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October 27th 2010 print

John McLean

Glaciergate meltdown

The IPCC’s assessment reports are widely regarded as the ultimate references on climate matters. Behind this esteem is a belief that teams of scientists impartially evaluated a vast pool of information and together drafted and refined an impeccable document for each report. The gulf between this belief and reality is in fact huge.

Flaws in the IPCC report writing process
 
The IPCC’s assessment reports are widely regarded as the ultimate references on climate matters. Behind this esteem is a belief that teams of scientists impartially evaluated a vast pool of information and together drafted and refined an impeccable document for each report. The gulf between this belief and reality is in fact huge.

The problems were highlighted by “Glaciergate”, the IPCC’s flawed comments about the Himalayan glaciers.

This section of the IPCC report opened with comments about the area of Himalayan glaciers covering 3 million hectares, which is 30,000 sq. km., and said shortly afterwards that the likelihood of them disappearing by 2035 is very high. In the next paragraph the report says that the glaciers are predicted to shrink from 500,000 sq. km. to 100,000 sq. km. by year 2035, which contradicts the earlier statements both in extent and state of retreat.

It appears that most of the IPCC’s text was a verbatim copy of passages from an article in the Indian magazine Down to Earth, not the source given in the IPCC report, with quotes in that article becoming factual statements in the IPCC report. The retreat by the year 2035 was mentioned in the article but trace the source of that information we find it was an incorrect transcription of year 2350 and the shrinkage to 100,000 sq. km. was a comment about the total of all glaciers outside the polar regions.

How could these errors and inconsistencies appear in the IPCC report, supposedly the authority on climate matters?

The answer lies in the IPCC’s procedures and in the tasks assigned to authors, reviewers and review editors of the reports.

No-one is assigned the work of policing IPCC procedures and the only people to check authors’ work are the expert reviewers, whose role is to “comment on the accuracy and completeness of the … content and … balance of the drafts … according to their own knowledge and experience.” IPCC procedures fail to mention what happens if no experts are available in a particular subject area, so presumably any review is ad hoc and by people less than expert in the subject.

Who would be a reviewer though when IPCC authors are only obliged to respond to each review comment, which is done via the review system, and are under no obligation to modify their text in response to reviewers’ comments. Reviewers complain that they must justify their comments but not the authors, besides which the review process seems only good for flagging errors in spelling, punctuation and grammar, and nominating additional information to support authors’ claims.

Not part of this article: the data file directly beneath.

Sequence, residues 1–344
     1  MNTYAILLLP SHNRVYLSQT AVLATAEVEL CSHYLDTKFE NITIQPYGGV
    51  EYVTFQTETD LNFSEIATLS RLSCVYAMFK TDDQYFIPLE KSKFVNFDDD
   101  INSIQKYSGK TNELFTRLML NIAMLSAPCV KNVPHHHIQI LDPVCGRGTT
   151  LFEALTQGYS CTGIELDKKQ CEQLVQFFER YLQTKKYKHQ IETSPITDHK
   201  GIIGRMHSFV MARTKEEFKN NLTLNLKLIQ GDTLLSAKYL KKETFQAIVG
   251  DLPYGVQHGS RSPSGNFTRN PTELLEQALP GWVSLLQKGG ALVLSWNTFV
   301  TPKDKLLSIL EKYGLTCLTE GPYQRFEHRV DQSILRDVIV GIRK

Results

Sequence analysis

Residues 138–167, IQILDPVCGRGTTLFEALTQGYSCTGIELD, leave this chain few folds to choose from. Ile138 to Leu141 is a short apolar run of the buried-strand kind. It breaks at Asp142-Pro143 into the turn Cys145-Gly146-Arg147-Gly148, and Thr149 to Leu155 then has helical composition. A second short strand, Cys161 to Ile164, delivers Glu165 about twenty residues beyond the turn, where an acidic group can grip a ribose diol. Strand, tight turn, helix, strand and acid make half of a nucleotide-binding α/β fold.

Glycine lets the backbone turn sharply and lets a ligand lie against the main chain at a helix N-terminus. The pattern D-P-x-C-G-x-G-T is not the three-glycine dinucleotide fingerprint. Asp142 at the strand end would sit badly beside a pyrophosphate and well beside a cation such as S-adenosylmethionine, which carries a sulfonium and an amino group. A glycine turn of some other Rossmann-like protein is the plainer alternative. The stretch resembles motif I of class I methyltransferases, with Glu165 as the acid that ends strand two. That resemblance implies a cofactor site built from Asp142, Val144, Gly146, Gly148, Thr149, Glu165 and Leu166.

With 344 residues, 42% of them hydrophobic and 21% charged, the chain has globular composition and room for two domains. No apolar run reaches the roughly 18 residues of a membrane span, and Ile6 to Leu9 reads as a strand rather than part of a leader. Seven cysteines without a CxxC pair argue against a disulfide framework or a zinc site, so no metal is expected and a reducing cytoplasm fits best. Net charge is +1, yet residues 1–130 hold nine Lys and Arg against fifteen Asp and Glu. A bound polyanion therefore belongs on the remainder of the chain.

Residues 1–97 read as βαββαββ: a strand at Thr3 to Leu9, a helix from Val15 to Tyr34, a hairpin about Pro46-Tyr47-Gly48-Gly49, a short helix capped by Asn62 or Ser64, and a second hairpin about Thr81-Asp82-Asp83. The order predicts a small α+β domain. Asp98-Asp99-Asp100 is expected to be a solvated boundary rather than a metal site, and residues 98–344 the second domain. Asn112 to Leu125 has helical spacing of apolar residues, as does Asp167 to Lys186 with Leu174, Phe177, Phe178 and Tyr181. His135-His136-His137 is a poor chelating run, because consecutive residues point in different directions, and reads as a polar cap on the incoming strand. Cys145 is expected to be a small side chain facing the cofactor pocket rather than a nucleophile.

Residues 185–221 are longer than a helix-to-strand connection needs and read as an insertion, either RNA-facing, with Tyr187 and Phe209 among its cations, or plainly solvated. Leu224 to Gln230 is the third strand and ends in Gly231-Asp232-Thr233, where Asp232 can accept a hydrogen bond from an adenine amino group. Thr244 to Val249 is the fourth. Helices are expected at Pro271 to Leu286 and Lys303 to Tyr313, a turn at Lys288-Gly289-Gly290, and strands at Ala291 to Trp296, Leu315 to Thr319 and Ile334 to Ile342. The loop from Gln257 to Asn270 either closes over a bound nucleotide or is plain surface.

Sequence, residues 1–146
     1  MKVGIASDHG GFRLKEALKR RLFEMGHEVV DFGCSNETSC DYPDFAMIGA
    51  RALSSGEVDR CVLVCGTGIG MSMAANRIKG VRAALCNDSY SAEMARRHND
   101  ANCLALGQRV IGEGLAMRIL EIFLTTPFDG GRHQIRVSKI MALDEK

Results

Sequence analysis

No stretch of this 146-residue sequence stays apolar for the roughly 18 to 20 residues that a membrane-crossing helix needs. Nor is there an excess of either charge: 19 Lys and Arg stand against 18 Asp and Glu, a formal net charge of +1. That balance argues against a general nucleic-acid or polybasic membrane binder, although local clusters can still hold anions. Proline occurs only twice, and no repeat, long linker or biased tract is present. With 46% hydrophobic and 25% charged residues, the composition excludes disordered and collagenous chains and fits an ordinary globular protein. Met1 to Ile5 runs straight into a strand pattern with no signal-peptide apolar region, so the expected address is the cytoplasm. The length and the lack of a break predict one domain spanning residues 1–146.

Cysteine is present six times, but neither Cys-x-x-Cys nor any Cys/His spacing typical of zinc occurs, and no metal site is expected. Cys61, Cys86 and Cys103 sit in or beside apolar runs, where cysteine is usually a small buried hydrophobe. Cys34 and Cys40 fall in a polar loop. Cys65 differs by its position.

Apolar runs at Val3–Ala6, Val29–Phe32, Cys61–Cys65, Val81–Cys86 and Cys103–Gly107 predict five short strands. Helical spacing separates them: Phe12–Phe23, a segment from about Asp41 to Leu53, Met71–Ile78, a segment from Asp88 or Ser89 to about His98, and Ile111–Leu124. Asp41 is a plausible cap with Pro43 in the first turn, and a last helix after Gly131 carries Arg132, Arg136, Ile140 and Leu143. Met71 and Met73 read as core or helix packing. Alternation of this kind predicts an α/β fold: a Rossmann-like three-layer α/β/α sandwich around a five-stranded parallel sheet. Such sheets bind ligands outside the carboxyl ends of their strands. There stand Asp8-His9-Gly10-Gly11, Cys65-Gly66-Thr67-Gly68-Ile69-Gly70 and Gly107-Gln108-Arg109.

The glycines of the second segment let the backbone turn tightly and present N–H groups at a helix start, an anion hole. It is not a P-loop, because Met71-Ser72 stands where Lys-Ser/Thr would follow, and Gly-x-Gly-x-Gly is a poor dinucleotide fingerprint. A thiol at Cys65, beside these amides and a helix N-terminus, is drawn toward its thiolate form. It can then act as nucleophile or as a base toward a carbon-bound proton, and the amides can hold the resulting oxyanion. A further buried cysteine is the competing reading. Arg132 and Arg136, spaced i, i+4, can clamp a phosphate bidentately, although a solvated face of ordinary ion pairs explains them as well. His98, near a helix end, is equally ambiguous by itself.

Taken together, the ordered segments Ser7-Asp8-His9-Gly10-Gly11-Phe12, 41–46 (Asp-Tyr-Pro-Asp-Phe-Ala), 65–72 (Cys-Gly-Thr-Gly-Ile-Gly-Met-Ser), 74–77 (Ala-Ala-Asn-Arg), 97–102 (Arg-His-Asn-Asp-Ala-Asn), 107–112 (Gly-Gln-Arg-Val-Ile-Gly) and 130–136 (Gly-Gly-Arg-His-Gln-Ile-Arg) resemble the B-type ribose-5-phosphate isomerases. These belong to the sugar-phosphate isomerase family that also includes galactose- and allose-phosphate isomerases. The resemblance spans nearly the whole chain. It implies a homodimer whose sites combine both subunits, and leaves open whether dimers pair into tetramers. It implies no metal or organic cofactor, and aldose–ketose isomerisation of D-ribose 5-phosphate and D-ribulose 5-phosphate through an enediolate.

In the case of the Himalayan glaciers no reviewer mentioned the discrepancy in glacier size and just one IPCC reviewer commented on the different estimates of 2035 conditions. The cryptic response from the author was “Missed to clarify this one” but apparently no-one in the IPCC system policed this or followed it up.

In the 2007 report chapter 2 and 3 shows examples of authors citing their own papers to defend their arguments when reviewers objected that more published papers reached very different conclusions. In contrast to this, elsewhere some authors rejected reviewers’ comments on the grounds that more papers supported the authors’ views than the reviewers’. It seems that authors’ views dominate even when authors contradict each other.

If the IPCC reports are to have any integrity the sources used by the report authors should also be checked. Chapter 8 of the 207 report cited three scientific papers when discussing two issues related to the El Nino-Southern Oscillation but mismatched one paper to the issue it raised. In the 2001 report IPCC author James Hansen cited a graph that he had developed with two colleagues but the paper in which the graph was first published was not properly peer-reviewed because the authors refused to disclose all of their data, and yet it was featured seven times in the IPCC report.

The final step in the creation of the reports is approval of the text by a session of the Working group. This is essentially a rubber-stamping because it is simply inconceivable that at this eleventh hour the document will be thoroughly checked and corrections be demanded of authors.

IPCC authors are a law unto themselves because they can cherry-pick sources, cite material of dubious quality and even provide false references.  They also know that reviewers’ comments can be ignored and that no criticism can be expected from the IPCC Working Group.

The IPCC claims that there was a consensus but what kind of consensus was it when it is clear that the draft text was either never examined in detail or it was properly examined but no corrections were ever enforced?

It beggars belief to think that governments around the world intend spending billions, or even trillions, of dollars on the word of such a cowboy organization.

John McLean is a member of the New Zealand Climate Science Coalition

See also: John McLean’s (pdf) "’Glaciergate’ highlights IPCC flaws